There are numerous reasons why a valuation by a Chartered Surveyor which provides impartial and non-biased confirmation of a property’s value might be required. A Chartered Surveyor’s valuation is different to an estate agent’s valuation; the purpose of an estate agent’s valuation is to obtain an instruction to sell the property in question and this often influences the valuation figure whereas a Chartered Surveyor is obliged to provide properly researched, objective and impartial valuation advice.
All our market valuations are undertaken by Chartered Surveyors who are also Registered Valuers under RICS Valuation Professional Standards (also known as the RICS Red Book).
Where a family member has passed away their property may need to be valued for the purpose of calculating the estate’s Inheritance Tax liability. The valuation must be prepared in accordance with the ‘RICS Valuation – Professional Standards (the Red Book)’, under the proper statutory definition of market value and in the proper format to stand up to any scrutiny from the District Valuer.
When a couple separate, their assets must be valued and this will often include property. A report will need to be prepared by an RICS Registered Valuer who will determine the market value of the property in question. The Chartered Surveyor is typically instructed by both parties as a ‘Single Joint Expert’. The report is prepared in accordance with the ‘RICS Valuation – Professional Standards (the Red Book)’ which are the RICS standards for surveyors acting as expert witness and Part 35 of the Civil Procedure Rules.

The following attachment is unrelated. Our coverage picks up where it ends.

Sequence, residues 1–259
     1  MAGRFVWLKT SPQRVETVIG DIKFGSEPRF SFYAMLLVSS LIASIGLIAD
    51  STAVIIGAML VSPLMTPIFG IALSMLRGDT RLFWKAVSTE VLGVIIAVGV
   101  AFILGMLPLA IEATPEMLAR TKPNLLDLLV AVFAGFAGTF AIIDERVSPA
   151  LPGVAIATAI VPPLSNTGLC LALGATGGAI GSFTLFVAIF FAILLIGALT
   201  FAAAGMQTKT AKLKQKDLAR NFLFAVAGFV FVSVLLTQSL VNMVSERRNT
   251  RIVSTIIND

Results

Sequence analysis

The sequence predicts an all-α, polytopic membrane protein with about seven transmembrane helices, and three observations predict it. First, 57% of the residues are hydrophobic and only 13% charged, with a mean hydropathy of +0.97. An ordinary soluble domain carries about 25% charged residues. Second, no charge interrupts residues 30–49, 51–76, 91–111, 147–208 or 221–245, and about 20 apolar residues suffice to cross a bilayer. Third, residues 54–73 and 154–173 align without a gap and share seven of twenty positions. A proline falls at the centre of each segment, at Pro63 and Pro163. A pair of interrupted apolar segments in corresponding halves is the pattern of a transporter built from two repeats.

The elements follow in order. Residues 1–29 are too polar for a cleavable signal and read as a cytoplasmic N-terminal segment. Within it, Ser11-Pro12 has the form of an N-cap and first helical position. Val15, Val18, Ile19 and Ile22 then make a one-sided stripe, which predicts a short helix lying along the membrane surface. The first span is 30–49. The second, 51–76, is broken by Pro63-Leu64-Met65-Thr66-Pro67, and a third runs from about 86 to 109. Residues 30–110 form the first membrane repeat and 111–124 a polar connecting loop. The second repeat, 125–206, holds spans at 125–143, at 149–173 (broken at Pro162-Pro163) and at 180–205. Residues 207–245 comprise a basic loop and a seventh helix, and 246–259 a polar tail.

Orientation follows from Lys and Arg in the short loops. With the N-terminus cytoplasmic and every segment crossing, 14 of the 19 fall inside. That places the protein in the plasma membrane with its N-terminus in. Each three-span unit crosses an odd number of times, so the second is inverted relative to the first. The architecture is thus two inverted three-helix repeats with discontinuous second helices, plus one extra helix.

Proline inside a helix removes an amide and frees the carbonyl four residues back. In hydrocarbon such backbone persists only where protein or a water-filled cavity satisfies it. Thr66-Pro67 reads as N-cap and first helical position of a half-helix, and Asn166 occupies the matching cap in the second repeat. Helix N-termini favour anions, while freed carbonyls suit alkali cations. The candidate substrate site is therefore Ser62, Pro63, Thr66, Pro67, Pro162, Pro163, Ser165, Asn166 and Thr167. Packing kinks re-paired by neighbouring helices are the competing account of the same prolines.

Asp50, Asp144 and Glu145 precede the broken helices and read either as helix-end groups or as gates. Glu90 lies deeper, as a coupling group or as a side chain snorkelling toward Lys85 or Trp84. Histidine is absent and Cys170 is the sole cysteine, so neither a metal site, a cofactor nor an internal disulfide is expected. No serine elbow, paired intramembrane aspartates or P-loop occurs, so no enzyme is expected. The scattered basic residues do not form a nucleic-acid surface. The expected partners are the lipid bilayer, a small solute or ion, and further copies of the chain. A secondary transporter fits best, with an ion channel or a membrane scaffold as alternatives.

Where a property is in shared ownership or was purchased under one of the Government loan schemes a valuation will be required when the owner wants to sell or buy additional equity in the property (often called staircasing). The valuation will be prepared under the ‘RICS Valuation – Professional Standards (the Red Book)’ and in accordance with any requirements of the Housing Association or scheme provider.
This government scheme allows buyers to get a loan worth 40% of a property’s value which allows them to take out a 5% mortgage on the remaining 60%. This will need to be repaid when the property is sold at which point an RICS valuation is often required.
If you selling on the open market, you have a whole market of possible buyers. When you are selling your property privately, determining what it should be sold for is not something you want to leave to an Estate Agent. You will need a surveyor to determine an impartial value.